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"As a rule, boys played rougher games. One of them was the competitiveKichke-pale or Chizshkes, as it was known in the Polesie region. Kichke-pale was an East European Jewish version of cricket or baseball, and was similar to the English game called Peggy. The kichke was a small peg pointed at both ends, while the pale was the longer stick. The kichke was placed on an elevated spot, near a hole in the ground. The player would hit the pointed end of the peg with the larger stick that would send the peg flying into the air. He would then run and again try to hit the peg while it was airborne, to send it farther away from the plate. The more times one hit the peg, the more skilled the player. The other player would run to get the peg and throw it to the plate. The peg was not to be struck on its return to the plate. But if it were not successfully returned, the first player would then strike the peg wherever it happened to fall. This would continue until the second player got the peg back to the plate, after which he became the striker and the other player, the catcher. The game would go on until the second player scored a given number of hits of the peg, usually twenty or thirty. The loser would then have to give the winner what was called a yarsh, which meant that the winner would have the right to strike the peg even when it was being returned to the plate. The yarsh would end when the peg fell on the plate."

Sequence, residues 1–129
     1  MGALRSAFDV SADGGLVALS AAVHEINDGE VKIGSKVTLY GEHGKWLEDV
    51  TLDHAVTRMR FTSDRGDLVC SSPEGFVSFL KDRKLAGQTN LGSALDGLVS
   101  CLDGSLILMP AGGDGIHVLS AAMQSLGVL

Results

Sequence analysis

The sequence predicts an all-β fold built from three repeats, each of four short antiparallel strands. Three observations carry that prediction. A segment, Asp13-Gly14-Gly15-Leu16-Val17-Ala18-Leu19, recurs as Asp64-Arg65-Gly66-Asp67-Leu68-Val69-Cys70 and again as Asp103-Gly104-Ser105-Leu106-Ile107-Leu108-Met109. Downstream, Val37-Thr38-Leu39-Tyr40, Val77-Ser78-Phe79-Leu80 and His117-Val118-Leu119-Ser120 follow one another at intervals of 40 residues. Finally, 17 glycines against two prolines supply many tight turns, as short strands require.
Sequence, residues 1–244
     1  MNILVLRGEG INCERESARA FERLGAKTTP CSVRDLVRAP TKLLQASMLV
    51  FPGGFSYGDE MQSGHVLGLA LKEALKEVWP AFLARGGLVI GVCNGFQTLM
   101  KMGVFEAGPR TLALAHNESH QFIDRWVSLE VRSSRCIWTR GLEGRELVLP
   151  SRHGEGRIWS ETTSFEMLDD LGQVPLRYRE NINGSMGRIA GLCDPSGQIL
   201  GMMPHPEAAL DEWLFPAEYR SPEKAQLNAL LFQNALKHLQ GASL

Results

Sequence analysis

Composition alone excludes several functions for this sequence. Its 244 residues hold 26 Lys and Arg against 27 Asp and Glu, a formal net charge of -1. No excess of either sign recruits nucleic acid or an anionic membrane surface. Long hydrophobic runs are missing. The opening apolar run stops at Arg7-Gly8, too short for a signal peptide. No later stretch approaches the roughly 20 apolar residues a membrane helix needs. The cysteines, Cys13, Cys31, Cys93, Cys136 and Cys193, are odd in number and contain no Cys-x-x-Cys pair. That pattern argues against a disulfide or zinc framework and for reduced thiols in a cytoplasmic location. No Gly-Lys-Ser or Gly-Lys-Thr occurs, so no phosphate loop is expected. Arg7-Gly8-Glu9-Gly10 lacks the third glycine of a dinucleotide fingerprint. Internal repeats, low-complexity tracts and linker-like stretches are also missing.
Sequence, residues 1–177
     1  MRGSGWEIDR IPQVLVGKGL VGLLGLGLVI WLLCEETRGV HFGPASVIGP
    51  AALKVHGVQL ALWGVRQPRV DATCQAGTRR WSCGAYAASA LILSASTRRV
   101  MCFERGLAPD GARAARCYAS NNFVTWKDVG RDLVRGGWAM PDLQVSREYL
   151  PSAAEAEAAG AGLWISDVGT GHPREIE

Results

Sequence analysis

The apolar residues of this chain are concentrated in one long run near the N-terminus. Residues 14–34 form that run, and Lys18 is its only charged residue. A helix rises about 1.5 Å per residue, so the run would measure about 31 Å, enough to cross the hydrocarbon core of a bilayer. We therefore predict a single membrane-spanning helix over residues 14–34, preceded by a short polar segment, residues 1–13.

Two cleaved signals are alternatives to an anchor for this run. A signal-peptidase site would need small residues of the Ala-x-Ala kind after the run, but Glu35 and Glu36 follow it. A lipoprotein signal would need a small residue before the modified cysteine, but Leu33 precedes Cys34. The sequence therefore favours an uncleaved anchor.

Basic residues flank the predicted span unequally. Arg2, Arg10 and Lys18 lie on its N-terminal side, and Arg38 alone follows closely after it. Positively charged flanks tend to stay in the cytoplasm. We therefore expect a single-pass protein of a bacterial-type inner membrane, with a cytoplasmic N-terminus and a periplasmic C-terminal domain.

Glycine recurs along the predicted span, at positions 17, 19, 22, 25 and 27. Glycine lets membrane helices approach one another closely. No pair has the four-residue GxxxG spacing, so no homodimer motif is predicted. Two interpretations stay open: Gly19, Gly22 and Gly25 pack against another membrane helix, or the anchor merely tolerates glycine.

Submitted by John Thorn, email of 8/28/12.
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